This post is dedicated to my dear friend Erin, who has listened without judgement, loved without restraint, supported without questioning and always, always made me feel worthy.
I think the title of this post sums up what I’m going to say pretty well. If you suffer from an eating disorder, or know someone who has, then I’m sure you would have experienced the strict “rules” that we make for ourselves; that horrible sense of doubt and panic that’s conjured up in uncomfortable situations. I’m going to refer to that part of the mind as the eating disorder, because it’s not you, not really! It’s just a nasty intruder that really deserves no place in your life and no space in your mind. So let’s expose some of the lies that it will have you believe in order to keep you under its control.
The eating disorder likes to focus on the negatives and jumps to (massive) conclusions:
“If I eat “xyz” it will show up on my body and make me gain weight.”
Ummm… let’s think rationally here brain. When your friend or loved one eats a piece or chocolate (or a whole bar #yolo), do you notice a visible difference in their appearance? No! So what makes you any different? Why would that cause you to gain 10kg and not them? Answer: it won’t!
“My friend told me I’m looking well/a lot better. That means I’m getting fatter and have been eating too much. I should stop.”
Ah, the double edged sword. It can be so hard for people to say the “right” thing to someone with an eating disorder. A lot of the time, all they really mean to do is give you some encouragement and tell you that you honestly do look better, but the eating disorder warps this into a negative thing. Why? Because it’s trying to convince you that you’re “out of control”. If you’ve gained weight and started to look like a functioning human being again, then that must mean that you’ve “let yourself go”, right? Wrong! It means that your body is finally receiving the nourishment that it NEEDS to survive and is beginning to flourish again! If insecurity about your appearance is what drove you into restrictive eating in the first place, then take those words – that you look well/better – as an encouragement that you’re doing the right thing for your physical and mental health and wellbeing!
“Carbohydrates will make me fat and fluffy.”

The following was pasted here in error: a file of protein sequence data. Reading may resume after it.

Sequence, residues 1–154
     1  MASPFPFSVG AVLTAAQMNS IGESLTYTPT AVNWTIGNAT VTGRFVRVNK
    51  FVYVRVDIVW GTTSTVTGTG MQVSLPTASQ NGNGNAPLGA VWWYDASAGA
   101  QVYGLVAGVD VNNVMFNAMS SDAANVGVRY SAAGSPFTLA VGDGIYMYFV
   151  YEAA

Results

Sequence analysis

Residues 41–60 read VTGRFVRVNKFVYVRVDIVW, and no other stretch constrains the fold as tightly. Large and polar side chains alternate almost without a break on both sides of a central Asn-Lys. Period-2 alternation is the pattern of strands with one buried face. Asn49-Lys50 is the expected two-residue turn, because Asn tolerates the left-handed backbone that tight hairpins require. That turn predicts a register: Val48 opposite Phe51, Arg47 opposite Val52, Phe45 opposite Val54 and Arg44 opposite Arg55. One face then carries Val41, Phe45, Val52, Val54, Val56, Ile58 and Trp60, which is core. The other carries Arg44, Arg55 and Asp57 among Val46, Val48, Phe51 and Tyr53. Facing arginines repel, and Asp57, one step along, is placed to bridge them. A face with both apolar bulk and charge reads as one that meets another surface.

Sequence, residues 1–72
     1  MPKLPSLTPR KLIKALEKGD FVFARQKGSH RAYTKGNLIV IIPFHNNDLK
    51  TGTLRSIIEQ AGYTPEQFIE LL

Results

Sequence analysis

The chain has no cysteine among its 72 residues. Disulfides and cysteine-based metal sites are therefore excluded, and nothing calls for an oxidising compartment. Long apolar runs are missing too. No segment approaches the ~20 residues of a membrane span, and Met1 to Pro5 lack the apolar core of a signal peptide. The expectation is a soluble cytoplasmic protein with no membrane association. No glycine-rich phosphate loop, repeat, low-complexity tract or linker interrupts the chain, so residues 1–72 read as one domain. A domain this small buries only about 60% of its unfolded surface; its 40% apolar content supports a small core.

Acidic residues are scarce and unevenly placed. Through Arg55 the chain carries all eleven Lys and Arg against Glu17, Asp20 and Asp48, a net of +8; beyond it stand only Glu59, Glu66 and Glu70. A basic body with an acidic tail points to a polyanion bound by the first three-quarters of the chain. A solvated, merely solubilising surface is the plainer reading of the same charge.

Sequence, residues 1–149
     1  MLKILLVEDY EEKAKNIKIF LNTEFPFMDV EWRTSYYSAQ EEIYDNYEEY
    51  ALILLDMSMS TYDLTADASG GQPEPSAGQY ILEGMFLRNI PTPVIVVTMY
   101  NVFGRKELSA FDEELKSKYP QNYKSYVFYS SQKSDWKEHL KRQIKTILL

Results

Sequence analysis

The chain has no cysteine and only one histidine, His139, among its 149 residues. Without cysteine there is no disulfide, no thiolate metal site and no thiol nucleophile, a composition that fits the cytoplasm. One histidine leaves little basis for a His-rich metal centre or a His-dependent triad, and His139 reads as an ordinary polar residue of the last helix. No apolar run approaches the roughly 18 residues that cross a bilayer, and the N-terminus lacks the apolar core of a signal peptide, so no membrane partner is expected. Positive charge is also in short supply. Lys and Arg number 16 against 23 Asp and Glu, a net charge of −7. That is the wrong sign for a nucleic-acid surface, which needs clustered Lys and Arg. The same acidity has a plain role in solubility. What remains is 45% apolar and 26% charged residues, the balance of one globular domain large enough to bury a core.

Urgh. Another piece of advice influenced by the media? I know I certainly struggle with this one. Well guess what eating disorder? Carbohydrates are the preferred source of fuel for the body and are necessary for proper brain function! Ever wondered why you can’t stop thinking about food, why your thinking has become so inflexible or why it has become so difficult to make decisions? Do you often have recurring thoughts about food and eating? Do these thoughts hinder your ability to think about stuff that actually matters? Have you become less interested in the things you used to love, but found yourself gravitating towards cook books, cooking shows and recipes? I know I sure did. I used to dream about food. I used to fall asleep thinking about breakfast… and then lunch… and then dinner. I was obsessed and I’m still not 100% free.
It may surprise you to know that your brain – the very way you think – is impacted by being underweight and/or not eating sufficiently. Your brain requires SO much energy to function properly that it’s no wonder people with eating disorders develop these psychological effects. If your brain is receiving the nourishment it needs then your thinking starts to become more rational, more reasonable and a whole lot freer. You can be more spontaneous, you can distinguish the voice of the eating disorder from your own, and the obsession with food is diminished considerably.
So tell the eating disorder to go and choke on a bread roll and then remember this: low-carbohydrate diets are dangerous. “Carbohydrates are the only fuel source for many vital organs such as the brain, central nervous system and kidneys.” Want to kick that eating disorder voice out of you head and start to think clearly again? Don’t eat low-carb.
“I want to gain muscle not fat.”